Multiple records were smashed during a virtual live auction facilitated by Strauss & Co this week, featuring five iconic single bottle lots of South African wines.
The marquee lot and expectedly the star of the sale, a bottle of Grand Constance 1821 fetched a staggering R967,300 including commission, doubling an earlier auction record in April this year.
This extremely rare bottle of sweet wine, likely destined for Napoleon before his death in 1821, is in fine condition and was owned by the Malan family.
Notably, all 5 wines sold are in fine and drinkable condition, having all been tasted recently with high acclaim by local and international critics, Strauss & Co said.
The coveted 1957 vintage of South Africa’s oldest red wine – Chateau Libertas and the iconic GS Cabernet Sauvignon 1966 both achieved R91,040.
The former, a 100 pointer from Greg Sherwood MW, and the latter 20/20 from Jancis Robison are record prices for red South African wines. Both bottles have recently been re-corked, ensuring perfect condition and longevity.
The night belonged to the sweets though, Strauss & Co said, firmly establishing South Africa’s status as a producer of world-class sweet wines.
The first commercial vintage of the Klein Constantia Vin de Constance 1987 achieved R34,140, while a 275ml bottle of the Jaubert Family Muscat d’Alexandrie, drawn from a 115L barrel in care of the Joubert family for more than 200 years and seven generations, fetched R91,040.
Auctioneer’s note on Grand Constance 1821 – 1 x 375ml
By 1821, Constantia wine was arguably at the height of its fame, universally known ‘to soften the temper of ministers, and to sweeten the lips of royalty itself’ – Groot Constantia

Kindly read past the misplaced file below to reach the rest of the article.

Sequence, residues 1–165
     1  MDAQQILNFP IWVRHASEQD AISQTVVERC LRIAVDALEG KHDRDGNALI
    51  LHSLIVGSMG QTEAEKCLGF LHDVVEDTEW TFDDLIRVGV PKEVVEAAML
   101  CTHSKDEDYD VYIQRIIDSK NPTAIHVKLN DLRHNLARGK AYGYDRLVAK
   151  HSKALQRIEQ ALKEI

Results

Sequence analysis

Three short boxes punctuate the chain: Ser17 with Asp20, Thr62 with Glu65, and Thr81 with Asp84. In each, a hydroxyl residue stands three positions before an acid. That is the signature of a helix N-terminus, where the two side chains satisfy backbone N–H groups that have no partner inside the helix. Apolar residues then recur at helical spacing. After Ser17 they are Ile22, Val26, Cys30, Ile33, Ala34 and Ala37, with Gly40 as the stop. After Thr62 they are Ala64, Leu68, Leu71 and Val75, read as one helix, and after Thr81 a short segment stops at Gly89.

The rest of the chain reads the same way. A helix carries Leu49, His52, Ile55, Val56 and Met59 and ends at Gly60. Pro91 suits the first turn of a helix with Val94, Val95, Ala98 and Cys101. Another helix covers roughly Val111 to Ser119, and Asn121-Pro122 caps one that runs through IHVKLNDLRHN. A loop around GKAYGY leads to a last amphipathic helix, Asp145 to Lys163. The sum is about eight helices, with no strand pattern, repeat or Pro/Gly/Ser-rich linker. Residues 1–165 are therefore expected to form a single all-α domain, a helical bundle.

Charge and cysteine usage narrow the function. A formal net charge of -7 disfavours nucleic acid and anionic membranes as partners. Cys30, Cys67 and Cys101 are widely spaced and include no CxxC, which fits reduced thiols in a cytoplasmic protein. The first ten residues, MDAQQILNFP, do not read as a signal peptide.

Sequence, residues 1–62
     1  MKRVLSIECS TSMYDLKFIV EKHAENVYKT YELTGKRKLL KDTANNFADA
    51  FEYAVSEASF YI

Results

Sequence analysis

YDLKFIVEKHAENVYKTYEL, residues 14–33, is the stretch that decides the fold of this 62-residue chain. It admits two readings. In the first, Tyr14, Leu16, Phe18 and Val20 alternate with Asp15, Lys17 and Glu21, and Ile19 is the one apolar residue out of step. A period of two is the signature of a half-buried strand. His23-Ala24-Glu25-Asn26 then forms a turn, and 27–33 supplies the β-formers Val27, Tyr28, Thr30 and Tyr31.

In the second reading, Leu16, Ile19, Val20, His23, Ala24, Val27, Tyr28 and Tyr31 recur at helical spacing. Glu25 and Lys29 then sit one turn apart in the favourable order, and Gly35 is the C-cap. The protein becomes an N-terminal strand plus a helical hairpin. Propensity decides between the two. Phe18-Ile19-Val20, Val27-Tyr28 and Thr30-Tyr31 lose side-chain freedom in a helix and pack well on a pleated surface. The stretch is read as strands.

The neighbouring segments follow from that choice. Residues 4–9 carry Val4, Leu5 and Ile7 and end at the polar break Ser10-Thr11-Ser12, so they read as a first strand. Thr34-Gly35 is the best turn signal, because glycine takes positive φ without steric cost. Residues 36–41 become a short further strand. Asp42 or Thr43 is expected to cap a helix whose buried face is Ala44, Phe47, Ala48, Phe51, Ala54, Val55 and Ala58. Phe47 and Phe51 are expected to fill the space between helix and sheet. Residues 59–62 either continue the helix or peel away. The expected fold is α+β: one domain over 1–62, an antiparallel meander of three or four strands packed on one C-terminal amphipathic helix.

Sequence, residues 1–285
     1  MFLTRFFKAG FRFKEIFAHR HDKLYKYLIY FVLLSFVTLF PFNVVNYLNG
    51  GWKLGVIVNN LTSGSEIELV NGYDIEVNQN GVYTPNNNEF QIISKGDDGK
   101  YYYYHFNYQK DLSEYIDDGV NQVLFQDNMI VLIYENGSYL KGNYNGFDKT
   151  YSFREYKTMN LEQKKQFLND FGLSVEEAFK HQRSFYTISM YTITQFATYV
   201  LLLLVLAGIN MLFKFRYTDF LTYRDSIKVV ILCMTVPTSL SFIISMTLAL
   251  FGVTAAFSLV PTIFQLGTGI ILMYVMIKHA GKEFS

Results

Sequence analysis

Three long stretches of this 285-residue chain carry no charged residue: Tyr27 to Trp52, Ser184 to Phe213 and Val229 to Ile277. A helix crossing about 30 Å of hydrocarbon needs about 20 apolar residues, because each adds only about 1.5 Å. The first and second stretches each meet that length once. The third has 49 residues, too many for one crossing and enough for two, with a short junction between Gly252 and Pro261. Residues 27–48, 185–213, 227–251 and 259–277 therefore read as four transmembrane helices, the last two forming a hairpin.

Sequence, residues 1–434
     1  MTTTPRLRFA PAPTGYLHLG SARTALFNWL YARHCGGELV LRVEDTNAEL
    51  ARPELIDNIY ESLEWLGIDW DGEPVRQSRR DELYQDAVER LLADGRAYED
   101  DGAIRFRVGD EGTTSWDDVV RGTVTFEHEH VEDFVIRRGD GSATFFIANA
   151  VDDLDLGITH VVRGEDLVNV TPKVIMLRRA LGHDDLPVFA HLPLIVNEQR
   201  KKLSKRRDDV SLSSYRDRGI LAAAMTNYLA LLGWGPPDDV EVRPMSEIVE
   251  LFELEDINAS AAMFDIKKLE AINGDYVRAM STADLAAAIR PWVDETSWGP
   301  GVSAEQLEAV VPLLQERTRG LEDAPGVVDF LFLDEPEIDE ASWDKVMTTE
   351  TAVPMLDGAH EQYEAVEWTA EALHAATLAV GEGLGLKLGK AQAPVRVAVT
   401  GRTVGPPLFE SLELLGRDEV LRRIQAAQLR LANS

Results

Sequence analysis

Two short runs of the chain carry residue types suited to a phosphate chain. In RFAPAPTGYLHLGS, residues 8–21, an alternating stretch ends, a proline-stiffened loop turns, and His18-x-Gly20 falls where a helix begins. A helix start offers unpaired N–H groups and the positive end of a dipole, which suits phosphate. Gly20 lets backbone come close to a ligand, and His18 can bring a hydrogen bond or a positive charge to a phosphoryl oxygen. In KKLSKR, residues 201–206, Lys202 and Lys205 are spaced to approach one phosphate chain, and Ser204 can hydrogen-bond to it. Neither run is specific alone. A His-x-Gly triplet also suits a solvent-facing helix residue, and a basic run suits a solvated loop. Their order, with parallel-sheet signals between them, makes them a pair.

A handful of bottles remain from a collection purchased by three South African wine personalities on auction in London in 1983. The late Frans Malan’s share was carefully cellared at Simonsig Wine Estate and Strauss & Co is proud to offer a pristine bottle 200 years after harvest.
The 1983 auction bottles were likely from the cellars of Apsley House, home of the dukes of Wellington. The labels stating ‘décanté en 1883’ suggests that their bottling might have taken place in
France in 1883, before being sold to English provenance.
Research compiled by Joanne Gibson for Winemag.co.za earlier this year suggests that Constantia sweets would have indeed changed French hands.
From Frederick the Great of Prussia to Louis XVI and Marie Antoinette of France, from American founding fathers George Washington and John Adams to Britain’s mad King George,
possession of ‘the sweet, luscious and excellent dessert wine’ was craved by all.
It was sold ‘on allocation’, with much of the 1821 harvest allocated to St Helena, where for five years it had been reserved for the exclusive enjoyment of Napoleon – a bottle a day, in fact.
However, the exiled emperor died on 5 May 1821 – his last request a glass of his beloved vin de constance – which resulted in a supply of Grand Constance 1821 vintage to enter the market.
The Grand Constance 1821 is held in its original, hand-blown glass bottle, each of the bottles taking a unique shape, and presented in a wooden case. Bottles from the London auction have been recorded, with a recent note below by Michael Fridjhon and Jean-Vicent Ridon.
Due to the uncompromised condition of this bottle, the auctioneer has decided not to interfere with the closure and sell in its original state.
At the buyer’s discretion, a complimentary professional recording service can be offered as part of the sale.
This service includes alphanumeric identification on the new closure and a seal to ensure traceability going forward.